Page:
Beyond Border Politics: The Problematics of Identity in Asian Diaspora Literature

By Zhang, Benzi | Studies in the Humanities, June 2004 | Go to article overview

Beyond Border Politics: The Problematics of Identity in Asian Diaspora Literature


Zhang, Benzi, Studies in the Humanities


The empowering paradox of diaspora is that dwelling here assumes solidarity and connection there. But there is not necessarily a single place or an exclusivist nation.--James Clifford

In the history of human civilization, the question of identity is usually tied to the politics of place. As Gaston Bachelard notes, the idea of self stands in close relation to the passion for place--"topophilia" (8); or in other words, the sense of place has essential significance in the understanding of human identity. Place, however, is not a stable concept, for the notion of place as a bordered realm or a narrowly defined point in space is obviously inadequate to describe modern diaspora in which place has been displaced and opened up to an undelimited system of spacing. Against Bachelard's topoanalysis, scholars in recent years start to reconsider place in a new perspective. As Edward Casey observes, "As deeply localized, nomad space always occurs as a place--in this place. But as undelimited, it is a special kind of place. It is a place that is not just here, in a pinpointed spot of space, but in a 'nonlimited locality'" (304). Diasporans, in the process of crossing and recrossing multiple borders of language, history, race, time and culture, must challenge the absolutism of singular place by relocating the trajectory of their identity in the multiplicity of plural interrelationships. Nonlimited locality, in other words, does not mean the disappearance of borders, but rather it suggests the complexity and changing meanings of place between and beyond various outside and inside borders. Owing to their shared experience of mobility, Asian diaspora poetry in America expresses a paradoxical attitude towards the question of borders which, for them, are at once barriers and bridges.

This paradox indicates a tension between different cultural localities--a kind of spatial-cultural multiplicity that both challenges and defines diasporans' self-conception. As Lakshmi Gill describes in her poem,

   north going south my east in this west crossing
   over st. john icedesert february drive
   morning trail to a diminishing unversecity
   flashing sunlight through bridgegrids
   telstar from dustplanets spreading ogaden
   texas rain sahara into the fatehpur sikri
   of my heart perfect city drought stricken
   abandoned

   civilized then now barbaric in neuter
   accelerating bomb smelted in spacefurnace
   while nepal is still familial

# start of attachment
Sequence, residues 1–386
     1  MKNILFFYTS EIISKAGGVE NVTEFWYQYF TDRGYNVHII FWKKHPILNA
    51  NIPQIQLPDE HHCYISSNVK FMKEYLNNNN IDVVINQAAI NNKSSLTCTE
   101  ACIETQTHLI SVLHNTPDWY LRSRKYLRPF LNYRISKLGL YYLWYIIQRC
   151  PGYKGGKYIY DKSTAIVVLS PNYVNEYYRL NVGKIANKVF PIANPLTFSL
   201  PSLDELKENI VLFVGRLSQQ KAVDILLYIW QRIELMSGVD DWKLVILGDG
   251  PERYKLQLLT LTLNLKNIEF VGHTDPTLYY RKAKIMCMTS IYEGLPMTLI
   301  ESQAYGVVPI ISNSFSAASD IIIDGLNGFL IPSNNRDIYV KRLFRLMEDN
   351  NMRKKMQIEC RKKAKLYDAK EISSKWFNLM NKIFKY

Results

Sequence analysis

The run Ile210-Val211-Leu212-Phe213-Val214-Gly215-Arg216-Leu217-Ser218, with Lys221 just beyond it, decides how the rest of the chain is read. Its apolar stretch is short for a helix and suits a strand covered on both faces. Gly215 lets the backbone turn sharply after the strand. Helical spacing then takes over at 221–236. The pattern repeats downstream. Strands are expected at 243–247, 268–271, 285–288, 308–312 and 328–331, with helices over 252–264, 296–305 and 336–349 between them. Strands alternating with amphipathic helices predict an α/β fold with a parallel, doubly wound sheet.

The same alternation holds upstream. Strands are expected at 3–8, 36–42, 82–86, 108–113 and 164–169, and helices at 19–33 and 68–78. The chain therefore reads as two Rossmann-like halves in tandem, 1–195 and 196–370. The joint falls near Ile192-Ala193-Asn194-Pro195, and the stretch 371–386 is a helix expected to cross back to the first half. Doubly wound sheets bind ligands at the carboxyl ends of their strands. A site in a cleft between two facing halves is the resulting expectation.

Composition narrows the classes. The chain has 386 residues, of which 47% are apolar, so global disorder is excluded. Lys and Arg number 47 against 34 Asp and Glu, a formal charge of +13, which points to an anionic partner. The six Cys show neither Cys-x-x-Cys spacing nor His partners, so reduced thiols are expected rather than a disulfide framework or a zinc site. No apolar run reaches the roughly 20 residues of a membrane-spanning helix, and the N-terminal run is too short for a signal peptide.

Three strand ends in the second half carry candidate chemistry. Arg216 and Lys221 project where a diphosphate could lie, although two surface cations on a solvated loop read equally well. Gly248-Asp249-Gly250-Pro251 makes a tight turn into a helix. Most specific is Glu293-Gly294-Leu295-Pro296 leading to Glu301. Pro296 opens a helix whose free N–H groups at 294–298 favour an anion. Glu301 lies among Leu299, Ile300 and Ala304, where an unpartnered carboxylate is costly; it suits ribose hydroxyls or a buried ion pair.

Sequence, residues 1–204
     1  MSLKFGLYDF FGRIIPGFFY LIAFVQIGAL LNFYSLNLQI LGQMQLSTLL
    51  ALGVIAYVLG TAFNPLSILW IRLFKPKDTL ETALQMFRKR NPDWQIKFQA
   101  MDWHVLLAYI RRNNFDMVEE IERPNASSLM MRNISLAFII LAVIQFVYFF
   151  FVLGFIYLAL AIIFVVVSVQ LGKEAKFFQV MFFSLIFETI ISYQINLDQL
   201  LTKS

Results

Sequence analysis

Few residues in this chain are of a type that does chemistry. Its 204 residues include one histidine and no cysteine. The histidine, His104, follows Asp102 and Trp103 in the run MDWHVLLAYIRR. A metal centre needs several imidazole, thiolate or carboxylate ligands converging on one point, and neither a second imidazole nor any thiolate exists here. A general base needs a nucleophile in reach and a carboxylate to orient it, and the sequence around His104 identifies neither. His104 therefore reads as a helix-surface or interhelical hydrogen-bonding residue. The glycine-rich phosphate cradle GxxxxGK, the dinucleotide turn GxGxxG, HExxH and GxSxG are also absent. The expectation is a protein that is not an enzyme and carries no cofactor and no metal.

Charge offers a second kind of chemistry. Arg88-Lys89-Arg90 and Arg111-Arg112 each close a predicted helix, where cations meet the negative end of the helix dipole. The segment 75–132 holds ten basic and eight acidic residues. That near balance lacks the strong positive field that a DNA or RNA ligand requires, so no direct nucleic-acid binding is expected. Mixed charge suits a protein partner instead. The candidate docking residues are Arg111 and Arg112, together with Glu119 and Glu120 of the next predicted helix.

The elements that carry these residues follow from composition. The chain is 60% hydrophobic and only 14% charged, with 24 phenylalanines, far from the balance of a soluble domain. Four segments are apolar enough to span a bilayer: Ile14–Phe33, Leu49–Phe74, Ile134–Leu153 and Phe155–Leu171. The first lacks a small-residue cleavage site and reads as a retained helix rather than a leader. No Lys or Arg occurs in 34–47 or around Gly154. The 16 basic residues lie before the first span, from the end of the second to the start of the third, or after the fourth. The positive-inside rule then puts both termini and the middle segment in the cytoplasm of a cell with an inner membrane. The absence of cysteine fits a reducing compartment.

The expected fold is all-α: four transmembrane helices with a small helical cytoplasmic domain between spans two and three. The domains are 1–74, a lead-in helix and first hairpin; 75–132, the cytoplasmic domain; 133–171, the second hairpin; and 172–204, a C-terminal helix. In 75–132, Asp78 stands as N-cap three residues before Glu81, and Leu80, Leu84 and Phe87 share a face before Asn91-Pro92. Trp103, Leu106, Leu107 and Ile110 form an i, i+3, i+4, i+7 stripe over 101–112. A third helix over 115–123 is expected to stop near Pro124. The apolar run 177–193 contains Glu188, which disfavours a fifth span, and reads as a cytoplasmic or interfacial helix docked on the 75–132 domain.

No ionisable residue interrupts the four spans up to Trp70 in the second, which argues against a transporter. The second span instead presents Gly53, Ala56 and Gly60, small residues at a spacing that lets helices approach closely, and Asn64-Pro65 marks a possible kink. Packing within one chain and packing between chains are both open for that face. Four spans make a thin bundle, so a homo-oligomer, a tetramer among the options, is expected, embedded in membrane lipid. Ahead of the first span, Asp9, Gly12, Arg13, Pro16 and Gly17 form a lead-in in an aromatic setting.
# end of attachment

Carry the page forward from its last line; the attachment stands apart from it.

going the way of mahabharata atlantis
   the cosmos plunge into canada for outreachers
   kublai khan training lions to blow
   before him king of kings or made khaddafi
   squatting on the sand listening to desert music (23)

The diaspora journeys described in Gill's poem disrupt the constraints of borders: and the noticeable interlinear spacing seems to suggest an excessive force of acceleration that transcends limitary gaps. The poet does not intend to delimit a clear place, but wanders through "a diminishing universecity" from "barbaric" desert to "civilized" metropolis. For diasporans, the emotional, cultural and psychological identification is often related to difference, distance and dislocation. "We are condemned to wander--critically, emotionally, politically," as Iain Chambers describes, "in a world characterized by an excess of sense which while offering the chance of meaning continues to flee ahead of us" (1990, 12). Diasporans, therefore, have to redefine their sense of place against the grain of primordial limitations and to reconstitute their identities outside the overdetermined discourse of closure that excludes displaced differences from the landscape of locality.

Diaspora, however, does not merely refer to a wandering journey, since it enacts a process of mutual translation and interaction, in which place has been translated into plural interrelationships that bridge and abridge different cultures. The (a)bridging effects of diaspora require us to examine the spatio-temporal imaginaries of place within a new context, for diaspora informs of the multifaceted complexity of the dialectical negotiation between here and there--a tension that not only reflects the very nature of diasporic identity but also indicates a salient feature of nonlimited locality. …

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